Facebook allows users to create “Business Accounts”. Having read the applicable terms, why any sane person would want to do this beats me.
You may create a business account if you don’t already have a standard Facebook account. To get started, you will need to first create a Facebook Ad or Facebook Page. Once you’ve entered in the required information, you will be taken to the “Facebook Login” page and asked if you have a Facebook account. If you do not currently have a Facebook account, then at this point, please select “I do not have a Facebook account.” You will then need to enter your email address and date of birth.
That’s what Facebook says about business accounts. Are they mad? According to this policy, Delia from Marketing, who has been given the job of setting up Megabizness’s corporate presence, is not allowed to have a separate personal account for her own use.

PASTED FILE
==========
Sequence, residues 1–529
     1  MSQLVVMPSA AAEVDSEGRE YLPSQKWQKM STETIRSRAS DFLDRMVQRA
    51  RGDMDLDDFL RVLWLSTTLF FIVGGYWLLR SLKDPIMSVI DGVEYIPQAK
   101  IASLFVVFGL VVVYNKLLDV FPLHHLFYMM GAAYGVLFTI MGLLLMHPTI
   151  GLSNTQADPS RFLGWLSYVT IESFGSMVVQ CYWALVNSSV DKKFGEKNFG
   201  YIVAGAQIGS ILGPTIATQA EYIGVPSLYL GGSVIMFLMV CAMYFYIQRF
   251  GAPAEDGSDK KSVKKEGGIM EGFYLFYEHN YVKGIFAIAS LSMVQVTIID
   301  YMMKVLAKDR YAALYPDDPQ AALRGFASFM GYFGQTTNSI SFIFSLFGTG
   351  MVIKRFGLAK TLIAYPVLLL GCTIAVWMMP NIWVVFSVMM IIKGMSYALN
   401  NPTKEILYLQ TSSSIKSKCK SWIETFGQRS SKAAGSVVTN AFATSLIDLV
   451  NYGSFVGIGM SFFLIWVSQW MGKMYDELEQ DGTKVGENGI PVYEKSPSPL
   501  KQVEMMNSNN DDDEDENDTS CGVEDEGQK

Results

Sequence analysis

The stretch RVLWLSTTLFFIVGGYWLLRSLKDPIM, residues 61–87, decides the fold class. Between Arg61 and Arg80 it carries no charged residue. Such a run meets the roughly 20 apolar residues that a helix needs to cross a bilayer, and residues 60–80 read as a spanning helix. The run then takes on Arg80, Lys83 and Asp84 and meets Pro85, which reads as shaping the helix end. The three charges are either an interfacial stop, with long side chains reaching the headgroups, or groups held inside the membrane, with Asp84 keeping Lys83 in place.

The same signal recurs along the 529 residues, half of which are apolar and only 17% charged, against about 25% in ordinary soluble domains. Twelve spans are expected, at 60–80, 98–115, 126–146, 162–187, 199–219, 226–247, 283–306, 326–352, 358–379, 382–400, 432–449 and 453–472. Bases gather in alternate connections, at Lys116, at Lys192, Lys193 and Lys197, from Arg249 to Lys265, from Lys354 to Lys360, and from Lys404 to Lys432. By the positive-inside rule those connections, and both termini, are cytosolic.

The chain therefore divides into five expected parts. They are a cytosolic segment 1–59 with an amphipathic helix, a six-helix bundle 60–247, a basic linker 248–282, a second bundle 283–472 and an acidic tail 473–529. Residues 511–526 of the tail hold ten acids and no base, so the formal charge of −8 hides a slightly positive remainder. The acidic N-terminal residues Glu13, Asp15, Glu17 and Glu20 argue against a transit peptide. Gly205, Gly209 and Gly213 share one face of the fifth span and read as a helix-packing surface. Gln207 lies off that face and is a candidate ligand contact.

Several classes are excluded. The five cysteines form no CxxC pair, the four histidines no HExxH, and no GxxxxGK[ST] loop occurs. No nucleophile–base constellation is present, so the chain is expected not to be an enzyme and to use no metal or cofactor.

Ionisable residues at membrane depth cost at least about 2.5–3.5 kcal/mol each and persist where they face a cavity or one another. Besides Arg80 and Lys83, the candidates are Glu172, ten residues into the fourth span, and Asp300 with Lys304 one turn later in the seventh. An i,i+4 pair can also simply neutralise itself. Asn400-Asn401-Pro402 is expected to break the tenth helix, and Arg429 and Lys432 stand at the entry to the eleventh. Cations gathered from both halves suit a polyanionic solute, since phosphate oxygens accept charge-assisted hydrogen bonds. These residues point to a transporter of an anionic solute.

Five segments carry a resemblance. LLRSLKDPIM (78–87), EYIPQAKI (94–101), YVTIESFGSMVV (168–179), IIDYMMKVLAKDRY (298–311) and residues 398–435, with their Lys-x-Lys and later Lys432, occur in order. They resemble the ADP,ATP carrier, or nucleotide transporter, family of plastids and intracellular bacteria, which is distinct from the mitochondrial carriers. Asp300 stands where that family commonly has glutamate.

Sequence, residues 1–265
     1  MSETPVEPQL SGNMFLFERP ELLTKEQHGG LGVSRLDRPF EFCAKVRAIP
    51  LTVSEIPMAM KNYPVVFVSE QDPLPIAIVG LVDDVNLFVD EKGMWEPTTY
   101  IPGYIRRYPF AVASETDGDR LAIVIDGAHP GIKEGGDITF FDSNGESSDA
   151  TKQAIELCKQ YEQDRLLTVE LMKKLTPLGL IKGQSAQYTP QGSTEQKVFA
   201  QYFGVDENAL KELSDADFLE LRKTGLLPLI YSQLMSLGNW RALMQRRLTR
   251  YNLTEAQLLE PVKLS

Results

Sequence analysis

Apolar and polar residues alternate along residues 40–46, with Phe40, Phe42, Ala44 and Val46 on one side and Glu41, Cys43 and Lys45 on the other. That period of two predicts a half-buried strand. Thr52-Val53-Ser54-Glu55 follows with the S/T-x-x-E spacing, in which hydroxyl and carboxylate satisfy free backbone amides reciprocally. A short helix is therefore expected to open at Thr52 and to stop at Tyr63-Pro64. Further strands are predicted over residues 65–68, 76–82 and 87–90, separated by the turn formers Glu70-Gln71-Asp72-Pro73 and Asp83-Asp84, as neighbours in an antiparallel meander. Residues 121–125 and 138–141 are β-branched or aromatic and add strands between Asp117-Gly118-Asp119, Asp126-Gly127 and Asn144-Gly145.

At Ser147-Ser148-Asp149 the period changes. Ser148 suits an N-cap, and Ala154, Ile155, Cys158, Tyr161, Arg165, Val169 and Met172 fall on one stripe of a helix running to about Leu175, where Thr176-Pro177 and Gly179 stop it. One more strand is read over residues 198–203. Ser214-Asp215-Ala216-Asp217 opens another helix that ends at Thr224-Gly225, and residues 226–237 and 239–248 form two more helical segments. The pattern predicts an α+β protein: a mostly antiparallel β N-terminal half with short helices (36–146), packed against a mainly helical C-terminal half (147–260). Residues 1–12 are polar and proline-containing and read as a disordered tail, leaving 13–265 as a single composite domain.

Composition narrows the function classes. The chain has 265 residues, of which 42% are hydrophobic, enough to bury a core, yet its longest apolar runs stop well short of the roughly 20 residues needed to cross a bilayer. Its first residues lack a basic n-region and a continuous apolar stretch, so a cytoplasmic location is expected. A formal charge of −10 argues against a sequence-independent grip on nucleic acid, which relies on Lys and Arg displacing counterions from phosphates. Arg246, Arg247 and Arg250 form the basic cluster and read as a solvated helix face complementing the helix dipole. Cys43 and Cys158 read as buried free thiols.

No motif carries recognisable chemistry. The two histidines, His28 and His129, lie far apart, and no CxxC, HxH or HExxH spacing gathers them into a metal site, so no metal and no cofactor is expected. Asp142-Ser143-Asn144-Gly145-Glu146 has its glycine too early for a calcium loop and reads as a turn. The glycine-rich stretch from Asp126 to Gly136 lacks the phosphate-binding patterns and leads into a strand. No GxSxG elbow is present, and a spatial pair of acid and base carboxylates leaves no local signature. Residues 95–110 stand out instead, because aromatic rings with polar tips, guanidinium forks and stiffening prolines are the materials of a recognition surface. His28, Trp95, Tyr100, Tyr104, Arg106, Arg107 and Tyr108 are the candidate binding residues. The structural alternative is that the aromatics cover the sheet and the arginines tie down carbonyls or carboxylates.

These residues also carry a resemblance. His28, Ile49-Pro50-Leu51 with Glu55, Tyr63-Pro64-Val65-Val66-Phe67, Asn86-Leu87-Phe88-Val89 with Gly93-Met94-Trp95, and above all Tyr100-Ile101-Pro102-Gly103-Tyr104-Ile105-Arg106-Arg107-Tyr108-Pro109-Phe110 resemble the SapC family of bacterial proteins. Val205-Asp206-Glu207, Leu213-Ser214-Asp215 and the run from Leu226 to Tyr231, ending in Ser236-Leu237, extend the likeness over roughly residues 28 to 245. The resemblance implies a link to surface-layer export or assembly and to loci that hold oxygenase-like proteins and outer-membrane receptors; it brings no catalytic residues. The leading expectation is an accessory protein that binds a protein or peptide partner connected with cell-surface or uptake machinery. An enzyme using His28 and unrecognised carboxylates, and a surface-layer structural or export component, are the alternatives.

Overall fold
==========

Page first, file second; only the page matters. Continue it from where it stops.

Business accounts are designed for individuals who only want to use the site to administer Pages and their ad campaigns. For this reason, business accounts do not have the same functionality as personal accounts. Business accounts have limited access to information on the site. An individual with a business account can view all the Pages and Social Ads that they have created, however they will not be able to view the profiles of users on the site or other content on the site that does not live on the Pages they administer. In addition, business accounts cannot be found in search and cannot send or receive friend requests.
The restrictions on business acounts do make some sense, but the idea that these accounts are to be identified with specific individuals is frankly, crackers. Whoever came up with this scheme has surely never worked in a typical corporate environment, where the task of managing web assets such as Facebook pages would commonly be the responsibility of a team rather than a single person.
Since the rules will prove to be unworkable for many practical situations (Delia is on holiday, so Ted, who also has his own personal Facebook account, logs in using her email and password to make updates … ), they will be widely ignored and circumvented. A simple change, to permit businesses to use accounts that don’t belong to an individual but to a role, would remedy this situation instantly.
Can anyone offer a defence of this policy? Does your company use business accounts?